Frantic search for virus which has wreaked havoc on PCs worldwide

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The Independent Online

Experts were engaged in a frantic race last night to find 20 home computers harbouring a program that threatened to cripple the internet.

Experts were engaged in a frantic race last night to find 20 home computers harbouring a program that threatened to cripple the internet.

Computer security analysts only realised late on Thursday that the Sobig.f virus, which had brought havoc to the world's computers this week, included a potentially disastrous sting in its tail.

Secret code in the virus, which is still being sent by e-mail at a rate of around one million copies a day, was secretly ordering all the computers it had infected to make contact with 20 home PCs with high-speed broadband connections at 8pm last night.

Those 20 PCs were in turn programmed to direct the infected computers to a website where they would download a mystery program. It was not known what the program would do, but possibilities ranged from a relatively harmless joke to a virus or spam attack.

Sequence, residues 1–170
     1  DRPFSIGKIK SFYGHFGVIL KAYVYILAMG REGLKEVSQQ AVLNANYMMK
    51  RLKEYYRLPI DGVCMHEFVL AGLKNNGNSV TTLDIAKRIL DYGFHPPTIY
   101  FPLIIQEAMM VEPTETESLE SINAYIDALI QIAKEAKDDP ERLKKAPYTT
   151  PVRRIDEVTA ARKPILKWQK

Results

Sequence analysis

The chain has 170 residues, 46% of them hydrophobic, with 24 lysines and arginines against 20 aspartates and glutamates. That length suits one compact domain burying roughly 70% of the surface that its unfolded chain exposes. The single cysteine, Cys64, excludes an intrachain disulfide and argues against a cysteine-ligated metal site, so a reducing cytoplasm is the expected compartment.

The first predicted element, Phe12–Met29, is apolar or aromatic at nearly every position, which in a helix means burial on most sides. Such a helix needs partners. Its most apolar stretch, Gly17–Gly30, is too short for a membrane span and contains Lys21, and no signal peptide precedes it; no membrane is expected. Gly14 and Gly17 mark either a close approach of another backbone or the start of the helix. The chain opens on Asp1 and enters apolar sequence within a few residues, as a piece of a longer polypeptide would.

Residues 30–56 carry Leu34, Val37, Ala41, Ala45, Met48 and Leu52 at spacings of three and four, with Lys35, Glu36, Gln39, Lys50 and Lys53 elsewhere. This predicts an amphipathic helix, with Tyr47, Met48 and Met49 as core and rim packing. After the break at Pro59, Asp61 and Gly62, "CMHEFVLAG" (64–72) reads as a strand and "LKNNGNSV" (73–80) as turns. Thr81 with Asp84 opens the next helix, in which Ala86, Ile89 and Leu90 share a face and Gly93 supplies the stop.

Computer security firms and police were desperately searching for the 20 computers. If all could be switched off, the virus's threat could be averted.

Mikko Hypponen, anti-virus research manager at Finland's F-Secure, said 10 of the computers had been found by early evening. "We've taken more than half offline but if one is left standing, there will be an attack," he said.

As the 8pm deadline passed last night, the internet did not appear to be suffering a severe slowdown. Experts said the period between 8pm and 11pm was expected to be the most hazardous. A second time trigger is set to be activated again at the same time tomorrow.

Ms Theriault said the virus, which has been clogging inboxes with unwanted spam messages, was showing no signs of abating. "In the last 24 hours, we have had 300,000 e-mails - it has been more or less constant since Monday."

The first copies of the virus were noticed on Monday morning. It spreads when computer users open file attachments in infected e-mails, which have such headings as "Thank You!" or "Re: Details". It then resends itself to scores of email addresses and signs the email using a random name and address from the infected computer's address book.

Dissenting voices within the hi-tech community, however, cautioned that computer security firms had a vested interest in hyping the impact of viruses. Simon Copeland, of the software makers Avecho, said anti virus companies profited most when alarm about viruses was at its height.

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